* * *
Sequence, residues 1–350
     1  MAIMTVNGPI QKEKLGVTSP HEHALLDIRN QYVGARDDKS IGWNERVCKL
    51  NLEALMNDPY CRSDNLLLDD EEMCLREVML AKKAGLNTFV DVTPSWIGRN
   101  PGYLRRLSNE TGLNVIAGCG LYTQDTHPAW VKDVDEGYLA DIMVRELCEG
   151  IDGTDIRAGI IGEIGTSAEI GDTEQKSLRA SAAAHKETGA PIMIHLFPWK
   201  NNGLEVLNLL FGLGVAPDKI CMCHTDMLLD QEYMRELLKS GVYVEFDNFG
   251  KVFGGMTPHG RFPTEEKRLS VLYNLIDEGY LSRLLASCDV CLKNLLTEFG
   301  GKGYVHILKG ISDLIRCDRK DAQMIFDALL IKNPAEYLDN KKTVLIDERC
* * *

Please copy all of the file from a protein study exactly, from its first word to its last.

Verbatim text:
Sequence, residues 1–350
     1  MAIMTVNGPI QKEKLGVTSP HEHALLDIRN QYVGARDDKS IGWNERVCKL
    51  NLEALMNDPY CRSDNLLLDD EEMCLREVML AKKAGLNTFV DVTPSWIGRN
   101  PGYLRRLSNE TGLNVIAGCG LYTQDTHPAW VKDVDEGYLA DIMVRELCEG
   151  IDGTDIRAGI IGEIGTSAEI GDTEQKSLRA SAAAHKETGA PIMIHLFPWK
   201  NNGLEVLNLL FGLGVAPDKI CMCHTDMLLD QEYMRELLKS GVYVEFDNFG
   251  KVFGGMTPHG RFPTEEKRLS VLYNLIDEGY LSRLLASCDV CLKNLLTEFG
   301  GKGYVHILKG ISDLIRCDRK DAQMIFDALL IKNPAEYLDN KKTVLIDERC